6 Common Factors Influencing Your Music Preferences

Why do we like some musical styles more than others?

Posted Sep 20, 2019

Music is an important part of our life. The average person listens to music about 14 percent of their waking lives. Why do we like the music we do? Where do our music preferences come from? The following describes some of the main psychological factors that underlie people’s music preferences (Gasser, 2019; Rentfrow & Levitin, 2019).

1. Personality traits. People prefer styles of music that are consistent with their personalities. For instance, people who have a need for creative and intellectual stimulation prefer unconventional and complex musical styles (e.g., classical, jazz, folk), and that people who are sociable and enthusiastic prefer musical styles that are energetic and lively. Music preferences reveal valuable information about a person’s character.

2. Identity motive. Music is part of who we are. People are drawn to musical styles that validate their self-perceptions and communicate that information to others. For example, listening to innovative music can serve to communicate the belief that one is creative and unconventional. By expressing one’s music preferences, individuals are effectively revealing that they possess beliefs and values that are similar to those of others with the same music preferences.

3. Age.  Musical preferences tend to form in late adolescence and persist throughout adulthood. Music heard during childhood and adolescence creates more durable memories than music heard at other ages. The music we listen during our early teens creates a strong nostalgia in later years. However, as people get older, their music preference changes. For example, adolescent tend to have preferences for intense music, and young adults express preferences for mellow and contemporary dance music, and middle-age adults displayed their strongest preferences for sophisticated and soft music. In essence, the changes in musical preferences reflect the changes in social and psychological development.

4. Mood management. People prefer styles of music that support their mood or emotional state. For example, listening to uplifting music may help to maintain a positive mood. Fast and upbeat music complement various energetic activities, from dancing to socializing. Simple music at a soft listening level is psychologically soothing.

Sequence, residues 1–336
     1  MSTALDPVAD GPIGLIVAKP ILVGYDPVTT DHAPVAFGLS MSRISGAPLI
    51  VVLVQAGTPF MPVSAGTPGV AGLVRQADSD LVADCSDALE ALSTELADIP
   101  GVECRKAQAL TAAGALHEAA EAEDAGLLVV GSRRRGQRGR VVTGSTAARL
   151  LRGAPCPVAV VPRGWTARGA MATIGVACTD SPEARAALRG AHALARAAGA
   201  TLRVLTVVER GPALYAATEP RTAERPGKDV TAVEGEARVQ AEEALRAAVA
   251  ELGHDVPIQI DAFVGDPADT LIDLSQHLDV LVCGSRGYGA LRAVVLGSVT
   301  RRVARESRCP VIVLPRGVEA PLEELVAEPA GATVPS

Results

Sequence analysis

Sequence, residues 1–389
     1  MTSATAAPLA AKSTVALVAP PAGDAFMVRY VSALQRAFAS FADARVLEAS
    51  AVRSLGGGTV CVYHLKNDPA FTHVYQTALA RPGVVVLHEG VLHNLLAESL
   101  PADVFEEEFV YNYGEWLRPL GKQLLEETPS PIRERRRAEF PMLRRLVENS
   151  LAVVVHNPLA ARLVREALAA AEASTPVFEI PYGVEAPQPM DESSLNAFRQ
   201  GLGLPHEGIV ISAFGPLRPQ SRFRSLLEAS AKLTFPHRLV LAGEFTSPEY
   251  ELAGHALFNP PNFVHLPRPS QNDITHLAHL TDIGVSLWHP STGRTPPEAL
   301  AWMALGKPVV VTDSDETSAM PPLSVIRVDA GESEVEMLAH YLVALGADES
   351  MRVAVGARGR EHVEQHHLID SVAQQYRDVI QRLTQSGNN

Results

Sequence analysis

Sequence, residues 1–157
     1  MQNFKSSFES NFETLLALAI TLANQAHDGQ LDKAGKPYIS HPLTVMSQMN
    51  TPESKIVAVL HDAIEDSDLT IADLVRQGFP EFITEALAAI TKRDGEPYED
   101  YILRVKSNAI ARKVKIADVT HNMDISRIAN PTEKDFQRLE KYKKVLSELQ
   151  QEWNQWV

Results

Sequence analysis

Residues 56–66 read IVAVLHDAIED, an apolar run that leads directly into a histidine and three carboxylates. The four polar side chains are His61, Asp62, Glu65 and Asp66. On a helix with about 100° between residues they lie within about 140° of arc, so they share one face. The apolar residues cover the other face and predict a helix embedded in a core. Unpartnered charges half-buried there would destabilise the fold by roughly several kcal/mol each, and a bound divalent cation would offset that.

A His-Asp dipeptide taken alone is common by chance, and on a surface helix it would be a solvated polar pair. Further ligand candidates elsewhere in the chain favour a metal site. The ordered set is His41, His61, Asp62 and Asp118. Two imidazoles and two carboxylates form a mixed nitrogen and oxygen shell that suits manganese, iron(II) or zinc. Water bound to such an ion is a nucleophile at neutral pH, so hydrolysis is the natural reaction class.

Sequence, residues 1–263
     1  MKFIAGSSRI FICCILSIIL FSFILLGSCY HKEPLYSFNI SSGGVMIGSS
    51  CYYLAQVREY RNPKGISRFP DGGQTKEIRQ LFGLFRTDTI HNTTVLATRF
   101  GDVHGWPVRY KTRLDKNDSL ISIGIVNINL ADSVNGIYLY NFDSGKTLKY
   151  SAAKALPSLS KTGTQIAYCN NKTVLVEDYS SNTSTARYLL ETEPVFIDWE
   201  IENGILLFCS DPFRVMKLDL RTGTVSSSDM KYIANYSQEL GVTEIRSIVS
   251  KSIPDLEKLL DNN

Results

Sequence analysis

5. The importance of context. Contextual factors affect preferences for specific types of music.  For example, in a dining hall, we tend to prefer hearing the soft music that makes it easier to keep up with the conversation. When driving in busy traffic, there is a strong preference for relaxing music. And when exercising, people prefer upbeat and stimulating music.

6. Exposure effects.  Exposures shape our musical preferences. We tend to prefer the music that we are most familiar with. One explanation is that repeated exposures can be considered as a form of classical conditioning that can increase liking of stimuli through a process of conditioning. However, increased exposure to stimuli may result in habituation or less liking over time.

In short, we are drawn to musical styles that satisfy and reinforce our psychological needs. A better understanding of our music preferences can help to discover things about ourselves, and others on the basis of their music preferences. For example, evidence shows that similarities in music preferences may contribute to relationship satisfaction (romantic partners or roommates).

Finally, it is worth mentioning that a not-insignificant portion of the population (around 4 percent) suffers from a condition known as amusia (commonly known as tone deafness). Amusia is likely to result from genetic variation that affects one’s ability to correctly perceive pitch, rhythm, or sound. These individuals do find music pleasurable.


Gasser, Nolan (2019) Why You Like It? New York: Flatiron Books

Rentfrow PT, and Levitin DJ (2019) Foundations in Music Psychology: Theory and Research. MIT press.